A flatulence-filtering range of underwear designed to stop farts from smelling has been expanded by British clothing manufacturer Shreddies to include pyjama bottoms and jeans.
Shreddies has extended its range of garments that block gastric odours, having sold over 30,000 pairs of its undergarments since they were launched in 2013.
Like the original boxer shorts and knickers, the pyjama bottoms and jeans include panels made from cloth that incorporates a carbon-based material called Zorflex.
Normally used in chemical warfare suits, the material is capable of stopping smells 200 times stronger than the average fart, however it does nothing to muffle the sound.
The odorous vapours are trapped and neutralised by the carbon, which can be reactivated simply by washing it.
"The technology remains consistent although the design of the carbon within the underwear has changed so that they are more effective," Shreddies manager Richard Woolley told Dezeen.
Based on feedback from underwear wearers, more of the protective material has been added to the longer garments so the carbon lining surrounds the wearer from the waistband down to just above the knee. Shreddies has also amended the design of the underwear.
"We have brought the carbon further up the underwear at the front for both men and women as we noticed there was the potential for odours to escape from this part of the fabric when sitting in certain positions," said Woolley.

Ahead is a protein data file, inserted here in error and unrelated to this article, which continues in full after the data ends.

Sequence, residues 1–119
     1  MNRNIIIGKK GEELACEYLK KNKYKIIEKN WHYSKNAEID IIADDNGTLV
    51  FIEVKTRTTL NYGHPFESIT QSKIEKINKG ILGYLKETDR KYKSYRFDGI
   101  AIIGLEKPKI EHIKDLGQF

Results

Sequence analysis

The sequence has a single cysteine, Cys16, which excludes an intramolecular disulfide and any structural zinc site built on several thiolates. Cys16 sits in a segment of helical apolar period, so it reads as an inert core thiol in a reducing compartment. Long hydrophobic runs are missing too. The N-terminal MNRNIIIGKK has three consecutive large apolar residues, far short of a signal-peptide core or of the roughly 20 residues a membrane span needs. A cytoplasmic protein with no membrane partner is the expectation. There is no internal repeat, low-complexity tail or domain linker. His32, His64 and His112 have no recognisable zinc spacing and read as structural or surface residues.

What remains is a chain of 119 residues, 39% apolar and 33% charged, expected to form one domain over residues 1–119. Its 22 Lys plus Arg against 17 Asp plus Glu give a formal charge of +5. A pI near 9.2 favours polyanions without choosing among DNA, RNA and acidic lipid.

The pyjamas are made from cotton and the jeans from denim – both handmade in Leicestershire, England.
Either can be worn with the brand's underwear for double protection, and Shreddies also encourages wearers to go commando in their trousers.
"If you're feeling brave, why not skip the underwear completely!?" said the brand. "You'll never have to worry about those embarrassing moments again."
Although realising that the products cause giggles, the Shreddies team also pointed out that there is a serious side to the project.
"We know fart pants, pyjamas and jeans are funny but we also know we have a product that really helps people with serious medical issues such as irritable bowel syndrome, Crohn's disease, or ulcerative colitis," said the brand.
"People face different situations every day from a business trip to staying at a friend's house or the start of a new relationship, the new garments eliminate odours and worry," added Woolley.
Other designers have been tackling body issues with underwear, including Deborah Dax who incorporated pubic hair panties and a vest designed to look like a dry skin condition into her InConTextUre collection.